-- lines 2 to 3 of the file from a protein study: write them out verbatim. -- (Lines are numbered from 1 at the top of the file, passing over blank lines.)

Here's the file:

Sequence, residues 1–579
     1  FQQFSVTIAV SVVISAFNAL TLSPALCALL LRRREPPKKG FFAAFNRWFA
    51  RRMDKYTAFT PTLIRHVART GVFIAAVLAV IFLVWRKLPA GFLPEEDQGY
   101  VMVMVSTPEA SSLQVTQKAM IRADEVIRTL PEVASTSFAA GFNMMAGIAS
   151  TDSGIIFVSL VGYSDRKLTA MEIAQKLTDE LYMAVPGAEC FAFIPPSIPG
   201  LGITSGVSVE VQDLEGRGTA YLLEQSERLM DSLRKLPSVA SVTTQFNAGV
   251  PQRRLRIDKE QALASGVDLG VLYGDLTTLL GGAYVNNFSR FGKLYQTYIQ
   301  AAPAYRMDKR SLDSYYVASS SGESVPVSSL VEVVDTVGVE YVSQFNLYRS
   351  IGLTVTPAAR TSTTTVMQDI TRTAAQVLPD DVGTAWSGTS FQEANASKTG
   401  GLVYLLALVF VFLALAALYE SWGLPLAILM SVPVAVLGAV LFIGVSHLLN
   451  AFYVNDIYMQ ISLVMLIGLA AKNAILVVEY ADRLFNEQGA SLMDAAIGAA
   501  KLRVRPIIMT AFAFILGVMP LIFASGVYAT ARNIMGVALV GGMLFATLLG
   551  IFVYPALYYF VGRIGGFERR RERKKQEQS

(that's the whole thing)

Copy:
     1  FQQFSVTIAV SVVISAFNAL TLSPALCALL LRRREPPKKG FFAAFNRWFA
    51  RRMDKYTAFT PTLIRHVART GVFIAAVLAV IFLVWRKLPA GFLPEEDQGY